It is crucial to protect the main application and database to ensure that sensitive data is safe from attacks such as the OWASP.
It pays to continually monitor and look out for streaks of such frequent attacks that can help you to counteract it swiftly. You can also consider protecting your APIs from injection attacks.
Integrating security in all the phases of the SDLC process helps with a security review at every phase. The approach creates a stronger application, and you can implement secure coding best practices, especially during code reviews.
Enforcing security guidelines can prevent security bugs from creeping in and eliminate significant setbacks. You can also use an excellent static application security testing (SAST) tool to analyze your application source code and highlight the security vulnerabilities if any.
Deployment can be either done on a public cloud or via a SaaS vendor. When opting for self-deployment, you need to research thoroughly and adopt adequate safeguards.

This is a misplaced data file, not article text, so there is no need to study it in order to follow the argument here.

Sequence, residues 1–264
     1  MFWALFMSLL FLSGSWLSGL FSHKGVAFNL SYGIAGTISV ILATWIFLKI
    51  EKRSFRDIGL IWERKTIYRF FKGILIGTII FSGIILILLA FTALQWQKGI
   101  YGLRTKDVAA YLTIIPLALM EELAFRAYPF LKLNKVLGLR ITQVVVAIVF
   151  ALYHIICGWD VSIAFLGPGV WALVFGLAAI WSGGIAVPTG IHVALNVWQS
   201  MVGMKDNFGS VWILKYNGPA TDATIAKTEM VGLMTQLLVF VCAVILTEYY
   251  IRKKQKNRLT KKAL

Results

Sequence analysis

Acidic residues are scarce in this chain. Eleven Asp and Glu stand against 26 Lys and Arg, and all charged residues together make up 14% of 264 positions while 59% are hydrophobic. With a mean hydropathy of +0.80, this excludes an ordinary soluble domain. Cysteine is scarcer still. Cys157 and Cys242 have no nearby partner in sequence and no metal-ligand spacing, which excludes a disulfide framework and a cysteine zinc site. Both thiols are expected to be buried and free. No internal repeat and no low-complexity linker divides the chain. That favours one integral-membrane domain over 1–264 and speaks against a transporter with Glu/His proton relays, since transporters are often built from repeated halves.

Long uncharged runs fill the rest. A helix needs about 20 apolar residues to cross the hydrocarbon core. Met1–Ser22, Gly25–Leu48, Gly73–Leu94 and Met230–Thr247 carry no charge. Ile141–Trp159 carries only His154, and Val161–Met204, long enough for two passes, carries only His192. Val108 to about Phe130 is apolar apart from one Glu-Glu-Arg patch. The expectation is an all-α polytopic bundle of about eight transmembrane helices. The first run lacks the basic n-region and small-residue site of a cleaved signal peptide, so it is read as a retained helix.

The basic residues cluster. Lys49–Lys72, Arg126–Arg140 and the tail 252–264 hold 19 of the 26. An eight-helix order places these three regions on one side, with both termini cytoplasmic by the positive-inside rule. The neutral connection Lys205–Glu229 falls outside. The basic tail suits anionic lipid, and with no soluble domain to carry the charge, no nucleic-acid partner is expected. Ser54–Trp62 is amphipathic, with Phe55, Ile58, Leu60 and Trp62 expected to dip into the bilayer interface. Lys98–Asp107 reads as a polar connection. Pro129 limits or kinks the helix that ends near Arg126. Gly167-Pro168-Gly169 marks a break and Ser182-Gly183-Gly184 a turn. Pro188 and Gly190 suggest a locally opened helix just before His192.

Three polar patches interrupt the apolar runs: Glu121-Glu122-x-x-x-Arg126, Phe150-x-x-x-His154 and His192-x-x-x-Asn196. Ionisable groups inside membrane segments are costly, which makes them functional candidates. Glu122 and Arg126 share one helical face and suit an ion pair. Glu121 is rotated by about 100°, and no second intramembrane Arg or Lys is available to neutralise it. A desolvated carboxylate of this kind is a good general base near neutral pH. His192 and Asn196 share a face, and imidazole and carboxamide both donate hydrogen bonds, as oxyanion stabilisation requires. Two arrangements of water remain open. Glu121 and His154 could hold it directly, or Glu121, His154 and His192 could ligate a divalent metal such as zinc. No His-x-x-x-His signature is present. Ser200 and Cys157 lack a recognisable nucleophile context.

However, if you opt for services of dedicated cloud providers such as Google and Amazon, as a rule, they take care of facets such as network security, data security, data segregation, and more.
It is strongly recommended to adopt the security settings as recommended by public cloud vendors while deploying your SaaS application on public clouds.
Incorporating real-time monitoring through protection logic into the code at the development stage can help to differentiate between legitimate queries and attacks.
The output is quite critical and can help to protect the product from breaches and attacks such as SQL injections, account takeovers, and XSS attacks.
Another essential facet is to safeguard your infrastructure and make sure that business continuity is unaffected.
Enabling firewalls and security groups, configuring and backing up, would facilitate business continuity in case of attacks such as ransomware attacks and denial of service (DoS) attacks. It can also help to maintain logs to enable the monitoring of suspicious activities.
It is essential to look at certifications like the PCI DSS. The certifications aid in the complete protection of sensitive data.
A SaaS provider has typically to comply with norms and also undergo detailed audits to ensure that sensitive data is completely protected at all stages of storage, processing, and transmission. Another regulatory compliance that can come in handy is the SOC 2 Type II, which ensures maintaining the highest level of data security.